Some Things to Think About Before You Meet a Celebrant

Things to think about before you meet a celebrant.

Are you having entrance music?
If it’s live, what instruments will be used and where will the musicians be?
If it’s pre-recorded, will there be a CD player and a PA system at the venue, and who will operate it?

Are you having an Order of Ceremony?
It’s not essential but is a good idea, as it allows everyone to see who’s doing what and when. 
Click here for some examples.

The entrance of the bride
This isn’t the 12th Century, so there’s more than one way to do this…
Click here, and here for some other ideas

How do you want to stand?
In a humanist ceremony, you’re not marrying in the presence of god or the state.
So you don’t have to stand with your backs to your friends.
Instead, you can face one other, so your friends and family can see how you feel.
Then during the vows and exchange of rings, you turn face-to-face, hand in hand.

Welcome & Introduction.
This is where I (or your friends) will talk about how you met and how your relationship has developed.

See this post for an interesting way to approach this.
It can be a good idea to introduce the bridal party, as not everyone will know who they are.
A member of your family may want to say something to welcome your partner, and vice versa.

It’s a good idea to invite your friends or family to read a poem or a piece of prose and I’ll send you a copy of our collection to give you some more ideas.
I would suggest two or three readings, but you can have more.

Are a great way to break the ice, but remember to pick a song everyone knows…
‘500 miles’ by The Proclaimers works because it’s easy to sing! 
If you’ve got musical friends or family members, so much the better.

The Vows
While you are free to say the time-honoured formula, “I FULL LEGAL NAME accept you FULL LEGAL NAME as my lawful wedded wife/husband, to have and to hold, etc etc”, remember that you can write your own vows, mutual ones as well as individual ones.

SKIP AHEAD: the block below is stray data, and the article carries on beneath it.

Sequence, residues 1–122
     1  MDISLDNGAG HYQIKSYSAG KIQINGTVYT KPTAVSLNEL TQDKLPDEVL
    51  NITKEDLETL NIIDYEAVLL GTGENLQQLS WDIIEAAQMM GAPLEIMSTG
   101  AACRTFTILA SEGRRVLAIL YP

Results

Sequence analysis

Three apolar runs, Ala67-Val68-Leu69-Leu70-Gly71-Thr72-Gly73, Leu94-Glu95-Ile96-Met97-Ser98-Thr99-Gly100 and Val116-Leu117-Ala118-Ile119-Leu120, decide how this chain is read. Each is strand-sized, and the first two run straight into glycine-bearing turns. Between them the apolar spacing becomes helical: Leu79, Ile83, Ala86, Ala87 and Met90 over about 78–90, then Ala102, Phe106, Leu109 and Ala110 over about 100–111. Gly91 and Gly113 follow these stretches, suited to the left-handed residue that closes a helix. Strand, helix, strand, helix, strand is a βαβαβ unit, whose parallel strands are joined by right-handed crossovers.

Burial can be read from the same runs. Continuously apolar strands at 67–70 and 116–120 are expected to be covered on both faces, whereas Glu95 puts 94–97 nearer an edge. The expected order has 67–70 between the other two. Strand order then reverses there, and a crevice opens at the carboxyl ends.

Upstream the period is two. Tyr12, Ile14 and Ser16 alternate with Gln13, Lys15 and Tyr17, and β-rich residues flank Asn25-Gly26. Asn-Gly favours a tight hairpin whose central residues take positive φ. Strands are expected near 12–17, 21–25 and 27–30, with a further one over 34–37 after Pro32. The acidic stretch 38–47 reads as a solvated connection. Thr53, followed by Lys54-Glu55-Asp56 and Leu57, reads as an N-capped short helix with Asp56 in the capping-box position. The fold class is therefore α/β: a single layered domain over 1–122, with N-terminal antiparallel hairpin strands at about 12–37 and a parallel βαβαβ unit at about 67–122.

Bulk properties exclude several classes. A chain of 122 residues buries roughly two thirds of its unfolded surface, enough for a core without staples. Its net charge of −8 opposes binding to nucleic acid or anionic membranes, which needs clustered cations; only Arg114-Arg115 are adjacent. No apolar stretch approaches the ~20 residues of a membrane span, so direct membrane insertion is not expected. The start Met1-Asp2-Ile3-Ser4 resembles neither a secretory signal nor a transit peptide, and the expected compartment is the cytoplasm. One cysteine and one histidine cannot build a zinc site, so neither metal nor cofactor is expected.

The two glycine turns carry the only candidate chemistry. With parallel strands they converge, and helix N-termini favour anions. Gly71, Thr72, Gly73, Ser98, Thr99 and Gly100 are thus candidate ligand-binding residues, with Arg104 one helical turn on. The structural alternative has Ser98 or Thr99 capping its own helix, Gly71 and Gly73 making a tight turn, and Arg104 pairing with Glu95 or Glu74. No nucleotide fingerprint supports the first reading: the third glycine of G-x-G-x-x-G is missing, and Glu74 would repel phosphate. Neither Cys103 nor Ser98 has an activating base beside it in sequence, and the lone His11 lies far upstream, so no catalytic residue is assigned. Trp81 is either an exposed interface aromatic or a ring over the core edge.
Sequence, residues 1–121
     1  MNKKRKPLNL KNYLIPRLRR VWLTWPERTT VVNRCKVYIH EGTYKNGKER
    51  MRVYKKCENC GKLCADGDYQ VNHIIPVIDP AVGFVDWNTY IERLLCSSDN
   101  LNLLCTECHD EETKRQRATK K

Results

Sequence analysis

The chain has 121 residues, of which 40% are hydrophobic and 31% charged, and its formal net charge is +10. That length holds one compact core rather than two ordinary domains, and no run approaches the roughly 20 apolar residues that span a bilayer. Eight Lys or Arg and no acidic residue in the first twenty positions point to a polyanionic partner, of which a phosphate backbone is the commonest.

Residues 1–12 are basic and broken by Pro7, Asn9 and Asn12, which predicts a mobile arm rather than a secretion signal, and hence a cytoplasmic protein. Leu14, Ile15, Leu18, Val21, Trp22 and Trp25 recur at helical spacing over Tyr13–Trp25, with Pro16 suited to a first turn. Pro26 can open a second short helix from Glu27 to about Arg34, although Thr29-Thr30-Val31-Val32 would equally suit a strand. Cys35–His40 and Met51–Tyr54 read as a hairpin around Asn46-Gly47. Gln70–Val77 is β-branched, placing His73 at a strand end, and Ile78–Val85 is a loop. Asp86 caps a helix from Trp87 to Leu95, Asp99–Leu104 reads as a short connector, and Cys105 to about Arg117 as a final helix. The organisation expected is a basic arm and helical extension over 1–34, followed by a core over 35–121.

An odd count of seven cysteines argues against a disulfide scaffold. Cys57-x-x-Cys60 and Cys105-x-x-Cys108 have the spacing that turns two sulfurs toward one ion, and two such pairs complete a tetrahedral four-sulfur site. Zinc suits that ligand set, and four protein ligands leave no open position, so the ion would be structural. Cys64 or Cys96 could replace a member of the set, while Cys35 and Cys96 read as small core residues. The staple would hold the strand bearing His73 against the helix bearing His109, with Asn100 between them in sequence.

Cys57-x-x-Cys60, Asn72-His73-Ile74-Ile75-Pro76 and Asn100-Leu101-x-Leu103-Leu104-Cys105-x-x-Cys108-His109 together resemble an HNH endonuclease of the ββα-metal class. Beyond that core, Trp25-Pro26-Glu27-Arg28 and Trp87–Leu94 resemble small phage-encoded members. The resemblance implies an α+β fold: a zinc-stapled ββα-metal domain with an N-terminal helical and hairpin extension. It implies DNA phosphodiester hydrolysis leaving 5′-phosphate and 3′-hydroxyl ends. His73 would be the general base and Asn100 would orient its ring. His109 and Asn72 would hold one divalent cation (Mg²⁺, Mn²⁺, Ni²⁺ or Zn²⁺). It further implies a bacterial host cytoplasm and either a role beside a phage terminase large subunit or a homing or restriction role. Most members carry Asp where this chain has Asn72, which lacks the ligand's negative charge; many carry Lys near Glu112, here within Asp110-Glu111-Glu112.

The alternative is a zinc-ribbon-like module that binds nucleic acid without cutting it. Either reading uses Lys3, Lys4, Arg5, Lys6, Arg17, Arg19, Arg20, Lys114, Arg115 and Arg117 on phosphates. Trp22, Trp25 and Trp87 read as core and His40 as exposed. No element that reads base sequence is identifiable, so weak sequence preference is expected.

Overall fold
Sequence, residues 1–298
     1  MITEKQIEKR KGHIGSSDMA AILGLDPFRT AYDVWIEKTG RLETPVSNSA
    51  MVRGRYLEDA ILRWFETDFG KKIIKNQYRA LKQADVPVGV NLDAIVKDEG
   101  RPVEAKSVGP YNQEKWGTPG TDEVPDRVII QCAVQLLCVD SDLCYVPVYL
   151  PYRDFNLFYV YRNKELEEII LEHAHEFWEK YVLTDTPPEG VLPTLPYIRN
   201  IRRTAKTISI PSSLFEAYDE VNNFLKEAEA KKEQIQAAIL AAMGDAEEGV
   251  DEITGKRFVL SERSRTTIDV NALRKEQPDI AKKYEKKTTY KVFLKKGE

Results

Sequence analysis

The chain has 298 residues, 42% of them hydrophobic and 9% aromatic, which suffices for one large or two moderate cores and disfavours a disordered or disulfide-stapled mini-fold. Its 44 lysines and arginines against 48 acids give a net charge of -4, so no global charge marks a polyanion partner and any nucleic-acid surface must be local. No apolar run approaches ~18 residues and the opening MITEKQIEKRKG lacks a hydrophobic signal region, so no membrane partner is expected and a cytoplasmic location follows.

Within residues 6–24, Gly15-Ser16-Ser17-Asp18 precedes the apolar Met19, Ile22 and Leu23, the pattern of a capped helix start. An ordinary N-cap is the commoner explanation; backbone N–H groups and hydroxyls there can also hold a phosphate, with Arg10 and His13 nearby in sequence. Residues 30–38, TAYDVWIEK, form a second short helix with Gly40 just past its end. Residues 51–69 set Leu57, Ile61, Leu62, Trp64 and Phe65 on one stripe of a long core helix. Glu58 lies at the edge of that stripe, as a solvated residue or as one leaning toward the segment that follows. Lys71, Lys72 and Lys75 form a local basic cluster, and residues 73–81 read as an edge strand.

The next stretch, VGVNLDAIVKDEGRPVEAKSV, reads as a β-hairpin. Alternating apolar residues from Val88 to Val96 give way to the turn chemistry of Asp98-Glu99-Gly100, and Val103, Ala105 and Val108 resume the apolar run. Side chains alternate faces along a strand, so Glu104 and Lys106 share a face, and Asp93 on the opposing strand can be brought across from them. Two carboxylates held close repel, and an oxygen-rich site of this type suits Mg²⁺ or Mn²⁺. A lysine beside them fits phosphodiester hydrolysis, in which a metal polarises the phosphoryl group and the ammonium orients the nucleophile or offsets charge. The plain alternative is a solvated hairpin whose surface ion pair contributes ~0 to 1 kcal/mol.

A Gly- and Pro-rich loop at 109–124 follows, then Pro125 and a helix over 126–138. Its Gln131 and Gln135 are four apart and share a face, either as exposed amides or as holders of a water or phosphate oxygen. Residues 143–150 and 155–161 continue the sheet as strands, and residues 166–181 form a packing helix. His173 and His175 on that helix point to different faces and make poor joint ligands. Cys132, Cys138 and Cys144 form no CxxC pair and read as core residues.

There are lots of different ways to say your vows too; check out this post.

Exchange of rings
Who will give these to you? 
Symbolically, it looks better when the bride takes a ring from another woman, rather than the best man, so you might give one to a bridesmaid – or a child. 
I’ve had them delivered by “Owl Post” before as well…

Signing the Marriage Schedule
Make an appointment to collect it from the Registry Office during the week before the ceremony.
The groom should be responsible for bringing it on the day.
Choose someone likely to remain ‘a responsible adult’ to take it from me after the ceremony and put it somewhere safe before taking it back to the Registry Office within three days.

Well-Wishings or Blessings
To my mind, these work best when everyone joins in.
I used to suggest putting the words in the Order of Ceremony; now I think it works if they repeat the lines after me, while looking at you; this is the first time that you get to see how they feel, and I think it’s an important moment.

I’ve just posted about this here, but here’s the short version.
A few days before your ceremony I will be happy to host a rehearsal to which you may wish to bring anyone else involved, like your best man, bridesmaids, flower girls, photographers, parents and any friends who will be reading. 

When should we expect the celebrant to appear?
On the day, I usually turn up about 30 minutes before the ceremony starts and leave after I’ve kissed the Bride and had a glass of champagne! 
Or not, if I have to drive, Officer…

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